Finally, make sure you get some references. Social proof is never something to be discounted, and the opinions of others are usually a good way to gauge a potential financial adviser’s track record. It’s important to remember that when you’re making this type of decision, your needs always come first when you’re trying to secure your financial situation.
Above all else, just remember to take your time and consider your options when you’re looking for a good financial planner.
Are there any hot tips that we missed? Let us know in the comments how you found the best financial planner!
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I’ve had experience of one financial planner in the US and one financial adviser in the UK where I live now. But one of the best things I did was to attend a course put on at UCLA called Financial Planning for Women. I was in the midst of getting a divorce and needed some quick, impartial and cheap advice. A course like that was well worth the weekly effort of getting there and taking notes. I gained a lot of common-sense but not obvious advice the easy way — without having to learn from bitter experience. I chose as my financial planner a woman who lectured on the course; seeing her and hearing her in action, so to speak, beforehand was very helpful. Likewise in the UK I attended a pre-retirement planning course put on by my employer, bringing my husband with me. In the end we selected the financial adviser who conducted the course, and we’ve never been sorry we did. In all the economic ups-and-downs since then, our financial “pot” has remained firmly in the black and has grown to almost embarrassing proportions. The adviser had us review how much we would need in retirement to “exist” on and how much to “live” on — an exercise I’d recommend everyone to undertake periodically in any case. (I used old bills and bank statements, sorted out the “musts” like housing, food, etc.; then added in the “would likes” like entertainment, travel and so on.) He also had us review our attitudes to risk in considerable detail, and to divide up our funds into what we would need in secure, liquidatible assets, what in less liquid assets (such as the house) and what we could afford to risk. He keeps in regular touch with fund managers and chooses investments by fund manager as much as by other criteria. We review six-monthly and swap the lowest performing for other investments. It’s been a winning formula for us, and as he has connections to the right sources of information, it’s a lot surer than us trying to read the Financial Times and do it ourselves.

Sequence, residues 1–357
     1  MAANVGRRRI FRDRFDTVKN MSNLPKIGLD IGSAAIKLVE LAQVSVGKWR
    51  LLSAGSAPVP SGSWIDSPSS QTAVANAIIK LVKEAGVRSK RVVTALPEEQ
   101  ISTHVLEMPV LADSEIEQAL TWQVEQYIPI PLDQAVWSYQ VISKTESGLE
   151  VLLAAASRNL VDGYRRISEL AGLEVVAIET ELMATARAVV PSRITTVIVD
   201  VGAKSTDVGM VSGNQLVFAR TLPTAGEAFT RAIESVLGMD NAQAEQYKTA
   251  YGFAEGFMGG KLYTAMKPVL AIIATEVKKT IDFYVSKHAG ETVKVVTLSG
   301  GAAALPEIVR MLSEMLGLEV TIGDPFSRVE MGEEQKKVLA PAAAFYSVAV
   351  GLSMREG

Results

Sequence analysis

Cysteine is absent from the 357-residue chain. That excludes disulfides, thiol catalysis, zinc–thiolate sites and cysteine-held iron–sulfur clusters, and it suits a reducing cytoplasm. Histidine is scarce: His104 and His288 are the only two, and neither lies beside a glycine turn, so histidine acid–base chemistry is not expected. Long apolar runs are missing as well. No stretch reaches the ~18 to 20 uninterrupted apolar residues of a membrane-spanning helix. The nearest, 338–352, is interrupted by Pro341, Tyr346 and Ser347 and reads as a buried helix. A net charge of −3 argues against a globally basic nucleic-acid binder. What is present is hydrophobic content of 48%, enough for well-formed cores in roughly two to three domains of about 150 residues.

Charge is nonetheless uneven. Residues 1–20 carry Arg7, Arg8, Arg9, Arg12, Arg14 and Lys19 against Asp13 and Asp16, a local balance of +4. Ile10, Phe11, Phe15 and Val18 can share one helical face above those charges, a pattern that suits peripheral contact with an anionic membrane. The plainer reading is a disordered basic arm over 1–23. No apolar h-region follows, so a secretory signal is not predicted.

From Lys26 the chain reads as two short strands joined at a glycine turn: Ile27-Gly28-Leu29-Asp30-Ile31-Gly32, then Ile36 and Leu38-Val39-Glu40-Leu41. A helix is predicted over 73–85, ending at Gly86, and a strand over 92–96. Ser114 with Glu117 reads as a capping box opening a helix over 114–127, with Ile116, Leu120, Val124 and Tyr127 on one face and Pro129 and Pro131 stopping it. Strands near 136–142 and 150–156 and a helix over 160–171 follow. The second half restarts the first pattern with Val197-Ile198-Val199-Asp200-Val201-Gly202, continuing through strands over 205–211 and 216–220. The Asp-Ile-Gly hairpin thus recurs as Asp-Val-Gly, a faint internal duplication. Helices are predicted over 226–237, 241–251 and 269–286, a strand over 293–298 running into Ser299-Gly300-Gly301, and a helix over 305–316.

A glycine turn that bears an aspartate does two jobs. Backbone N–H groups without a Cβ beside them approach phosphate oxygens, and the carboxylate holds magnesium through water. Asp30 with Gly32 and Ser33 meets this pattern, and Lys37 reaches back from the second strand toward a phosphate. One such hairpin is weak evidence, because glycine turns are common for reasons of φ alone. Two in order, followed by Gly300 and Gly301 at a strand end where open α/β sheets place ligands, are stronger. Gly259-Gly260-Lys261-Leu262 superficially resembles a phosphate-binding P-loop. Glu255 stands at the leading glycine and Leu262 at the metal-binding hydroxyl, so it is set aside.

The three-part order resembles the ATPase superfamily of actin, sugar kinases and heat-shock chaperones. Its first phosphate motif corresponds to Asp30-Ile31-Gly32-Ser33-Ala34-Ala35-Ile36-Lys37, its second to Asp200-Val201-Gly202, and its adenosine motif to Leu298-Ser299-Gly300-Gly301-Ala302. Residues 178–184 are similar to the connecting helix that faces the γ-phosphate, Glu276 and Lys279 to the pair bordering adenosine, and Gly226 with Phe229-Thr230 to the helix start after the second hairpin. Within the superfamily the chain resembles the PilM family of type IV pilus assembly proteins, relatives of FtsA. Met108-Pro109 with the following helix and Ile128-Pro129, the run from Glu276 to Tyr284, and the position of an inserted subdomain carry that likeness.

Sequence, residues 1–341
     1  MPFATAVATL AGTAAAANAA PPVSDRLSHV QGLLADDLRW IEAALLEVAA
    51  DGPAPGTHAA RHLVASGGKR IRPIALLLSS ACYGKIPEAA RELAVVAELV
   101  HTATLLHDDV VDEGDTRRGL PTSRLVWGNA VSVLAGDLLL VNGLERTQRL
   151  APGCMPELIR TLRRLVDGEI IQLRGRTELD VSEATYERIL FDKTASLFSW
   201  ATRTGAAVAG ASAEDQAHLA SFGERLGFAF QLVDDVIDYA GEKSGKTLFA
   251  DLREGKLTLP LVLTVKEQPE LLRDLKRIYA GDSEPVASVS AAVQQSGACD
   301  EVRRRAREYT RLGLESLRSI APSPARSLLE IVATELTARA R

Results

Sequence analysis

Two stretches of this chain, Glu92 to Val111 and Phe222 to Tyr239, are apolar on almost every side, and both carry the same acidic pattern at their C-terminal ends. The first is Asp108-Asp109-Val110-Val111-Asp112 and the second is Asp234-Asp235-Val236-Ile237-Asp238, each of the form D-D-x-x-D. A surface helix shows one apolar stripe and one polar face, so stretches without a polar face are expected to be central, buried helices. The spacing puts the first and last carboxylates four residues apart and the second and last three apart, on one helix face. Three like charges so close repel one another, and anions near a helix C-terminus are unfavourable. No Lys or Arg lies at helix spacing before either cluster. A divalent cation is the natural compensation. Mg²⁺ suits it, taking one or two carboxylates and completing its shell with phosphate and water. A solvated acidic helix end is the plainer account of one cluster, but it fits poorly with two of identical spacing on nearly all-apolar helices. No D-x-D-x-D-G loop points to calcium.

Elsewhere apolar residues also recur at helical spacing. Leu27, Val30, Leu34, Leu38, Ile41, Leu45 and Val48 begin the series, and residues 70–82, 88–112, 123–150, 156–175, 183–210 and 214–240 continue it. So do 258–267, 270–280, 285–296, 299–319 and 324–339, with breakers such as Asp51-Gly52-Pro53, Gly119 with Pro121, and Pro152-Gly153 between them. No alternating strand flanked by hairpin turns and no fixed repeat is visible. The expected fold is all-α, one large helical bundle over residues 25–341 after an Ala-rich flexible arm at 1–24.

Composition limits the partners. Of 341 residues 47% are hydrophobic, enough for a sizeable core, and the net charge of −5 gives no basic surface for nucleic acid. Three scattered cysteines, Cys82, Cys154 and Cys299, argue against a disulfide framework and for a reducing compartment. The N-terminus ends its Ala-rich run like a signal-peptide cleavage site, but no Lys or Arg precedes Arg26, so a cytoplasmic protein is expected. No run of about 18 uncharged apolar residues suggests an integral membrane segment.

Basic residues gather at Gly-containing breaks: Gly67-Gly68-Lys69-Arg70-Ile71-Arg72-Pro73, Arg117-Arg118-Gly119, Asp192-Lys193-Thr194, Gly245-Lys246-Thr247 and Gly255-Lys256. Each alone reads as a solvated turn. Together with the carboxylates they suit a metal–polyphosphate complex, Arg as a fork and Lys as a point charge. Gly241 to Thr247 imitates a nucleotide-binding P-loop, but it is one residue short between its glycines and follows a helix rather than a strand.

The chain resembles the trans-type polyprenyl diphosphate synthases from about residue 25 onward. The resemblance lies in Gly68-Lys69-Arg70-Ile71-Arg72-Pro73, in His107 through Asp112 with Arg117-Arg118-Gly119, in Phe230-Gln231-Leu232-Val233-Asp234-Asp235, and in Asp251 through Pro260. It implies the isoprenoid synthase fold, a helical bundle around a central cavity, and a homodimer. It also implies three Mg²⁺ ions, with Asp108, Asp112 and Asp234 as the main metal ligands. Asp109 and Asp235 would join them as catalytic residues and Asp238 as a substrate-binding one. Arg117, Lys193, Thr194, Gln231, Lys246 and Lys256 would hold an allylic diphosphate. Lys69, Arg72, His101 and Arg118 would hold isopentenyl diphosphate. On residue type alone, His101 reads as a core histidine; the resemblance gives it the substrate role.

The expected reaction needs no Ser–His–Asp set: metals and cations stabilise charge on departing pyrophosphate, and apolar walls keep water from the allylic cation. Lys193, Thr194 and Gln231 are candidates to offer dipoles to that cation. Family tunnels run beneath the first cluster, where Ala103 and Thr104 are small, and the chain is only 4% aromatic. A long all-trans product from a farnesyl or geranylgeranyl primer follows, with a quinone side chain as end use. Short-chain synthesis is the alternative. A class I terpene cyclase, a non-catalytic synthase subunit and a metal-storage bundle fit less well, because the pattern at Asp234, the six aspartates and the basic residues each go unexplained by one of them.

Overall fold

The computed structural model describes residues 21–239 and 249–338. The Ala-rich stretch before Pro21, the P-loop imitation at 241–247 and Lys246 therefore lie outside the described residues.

That’s some super smart advice, Laurie. And specific, too!
It definitely helps to make sure that you essentially “vet” your candidates before you hire them as your financial advisor, and your method is certainly one of the best.
A quick Google search with something like “financial planning classes” and a specific city will easily connect anyone with events that can help in this regard, even if one don’t live in a major metro area like Los Angeles.
Laurie, as your comment points out, finding the right financial advisor can make for sustained success in a very big way!